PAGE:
To help you enjoy a sustainable and spooky holiday, the Rainforest Alliance has come up with five tips for a Green Halloween.
1) Choose Rainforest Alliance Certified™ chocolate for Halloween treats. Farmed on over 18 million acres of tropical land, cocoa supports some five million farm families. Unfortunately, many of these cocoa farmers live in poverty and cut forests to open up fields and grow cocoa more intensively. To help support healthy farmlands, forests and wildlife habitat — as well as the well-being of farm workers and their communities — look for chocolate that features the Rainforest Alliance Certified green frog seal! Find certified chocolate here.
2) Make demonic decorations from Rainforest Alliance/Forest Stewardship Council (FSC) certified paper and cardboard. FSC certified wood products come from well-managed forests that protect wildlife habitat as well as the rights and well-being of forest workers. You can find FSC certified products at Staples, Office Depot and Home Depot. Find a full list of FSC products here.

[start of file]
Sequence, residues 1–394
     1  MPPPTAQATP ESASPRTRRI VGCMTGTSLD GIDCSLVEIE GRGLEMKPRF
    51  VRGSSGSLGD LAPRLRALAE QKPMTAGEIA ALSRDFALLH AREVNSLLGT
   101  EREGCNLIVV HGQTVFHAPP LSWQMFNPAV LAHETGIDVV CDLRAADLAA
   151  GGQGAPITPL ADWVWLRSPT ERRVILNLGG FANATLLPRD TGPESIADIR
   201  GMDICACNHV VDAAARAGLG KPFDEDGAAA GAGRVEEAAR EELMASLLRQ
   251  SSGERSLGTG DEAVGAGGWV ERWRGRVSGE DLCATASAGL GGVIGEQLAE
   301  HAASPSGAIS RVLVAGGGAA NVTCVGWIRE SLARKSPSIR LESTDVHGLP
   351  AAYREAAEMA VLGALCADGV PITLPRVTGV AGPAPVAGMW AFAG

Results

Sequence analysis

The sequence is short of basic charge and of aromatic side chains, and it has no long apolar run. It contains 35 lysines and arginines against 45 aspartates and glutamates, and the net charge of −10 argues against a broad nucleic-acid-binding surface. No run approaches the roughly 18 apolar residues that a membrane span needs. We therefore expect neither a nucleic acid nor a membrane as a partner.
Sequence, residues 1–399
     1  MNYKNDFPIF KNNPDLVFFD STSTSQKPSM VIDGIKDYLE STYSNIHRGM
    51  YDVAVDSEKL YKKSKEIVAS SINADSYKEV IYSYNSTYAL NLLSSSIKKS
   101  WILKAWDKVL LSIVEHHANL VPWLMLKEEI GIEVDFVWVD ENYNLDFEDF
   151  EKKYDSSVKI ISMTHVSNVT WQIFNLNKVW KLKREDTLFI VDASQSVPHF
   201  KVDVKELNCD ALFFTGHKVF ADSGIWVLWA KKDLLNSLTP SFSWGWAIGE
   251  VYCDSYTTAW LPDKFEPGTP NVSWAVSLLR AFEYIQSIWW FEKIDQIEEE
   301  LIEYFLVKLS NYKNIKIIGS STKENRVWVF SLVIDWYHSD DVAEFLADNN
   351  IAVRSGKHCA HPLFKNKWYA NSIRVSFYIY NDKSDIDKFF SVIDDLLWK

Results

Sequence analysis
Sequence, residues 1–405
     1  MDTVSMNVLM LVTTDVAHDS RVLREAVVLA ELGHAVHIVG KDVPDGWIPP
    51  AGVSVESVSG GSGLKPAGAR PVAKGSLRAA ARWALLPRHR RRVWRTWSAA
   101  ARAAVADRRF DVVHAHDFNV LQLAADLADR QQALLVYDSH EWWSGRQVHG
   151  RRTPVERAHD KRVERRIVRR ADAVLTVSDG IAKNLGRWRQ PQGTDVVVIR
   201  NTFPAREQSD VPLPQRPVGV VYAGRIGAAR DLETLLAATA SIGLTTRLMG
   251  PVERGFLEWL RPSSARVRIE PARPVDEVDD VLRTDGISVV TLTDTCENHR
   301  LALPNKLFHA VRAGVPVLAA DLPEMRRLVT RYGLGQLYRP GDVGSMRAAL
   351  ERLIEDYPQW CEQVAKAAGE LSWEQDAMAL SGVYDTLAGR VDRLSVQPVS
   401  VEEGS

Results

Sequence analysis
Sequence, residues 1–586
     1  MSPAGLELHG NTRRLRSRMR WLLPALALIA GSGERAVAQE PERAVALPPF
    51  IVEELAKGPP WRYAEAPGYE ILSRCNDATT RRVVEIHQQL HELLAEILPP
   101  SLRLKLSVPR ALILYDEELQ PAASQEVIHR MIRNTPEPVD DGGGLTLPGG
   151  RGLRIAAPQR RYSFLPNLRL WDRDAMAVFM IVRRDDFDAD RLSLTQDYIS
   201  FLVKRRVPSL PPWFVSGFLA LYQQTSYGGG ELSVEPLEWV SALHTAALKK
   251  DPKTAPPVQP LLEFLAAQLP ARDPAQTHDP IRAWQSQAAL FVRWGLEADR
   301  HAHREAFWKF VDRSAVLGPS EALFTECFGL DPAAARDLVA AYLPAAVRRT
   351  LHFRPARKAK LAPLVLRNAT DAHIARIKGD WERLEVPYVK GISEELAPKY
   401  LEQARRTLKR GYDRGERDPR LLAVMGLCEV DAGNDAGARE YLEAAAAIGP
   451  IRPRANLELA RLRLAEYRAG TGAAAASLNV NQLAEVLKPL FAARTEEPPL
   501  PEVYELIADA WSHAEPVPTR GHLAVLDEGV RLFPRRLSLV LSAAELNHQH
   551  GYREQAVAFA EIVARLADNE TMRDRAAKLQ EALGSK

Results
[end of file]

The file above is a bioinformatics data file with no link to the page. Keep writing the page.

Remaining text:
3) Teach your kids where their favorite chocolate treats come from and how they impact people, wildlife and the planet. Visit the Rainforest Alliance’s Kids’ Corner! Play the online game Track it Back to learn where the cocoa in chocolate is grown and how it is harvested! Also visit our virtual rainforest, “Living in the Chocó Forests of Ecuador: The Chachi Cocoa Farmers.” (Brush up on your own knowledge about cocoa farming here.)
4) Ensure your little trick-or-treaters collect candy using s. Even better, use Rainforest Alliance reusable bags — your gift with a $50 donation — and they can promote our conservation work at every house they haunt!
5) Make terrifyingly tasty treats with Rainforest Alliance Certified chocolate, bananas and coffee. Check out our list of “Haunted Halloween Recipes” and find out where you can find ingredients from certified farms.
The Rainforest Alliance works with people whose livelihoods depend on the land, helping them transform the way they grow food, harvest wood and host travelers. From large multinational corporations to small, community-based cooperatives, businesses and consumers worldwide are involved in the Rainforest Alliance’s efforts to bring responsibly produced goods and services to a global marketplace where the demand for sustainability is growing steadily. For more information, visit www.rainforest-alliance.org.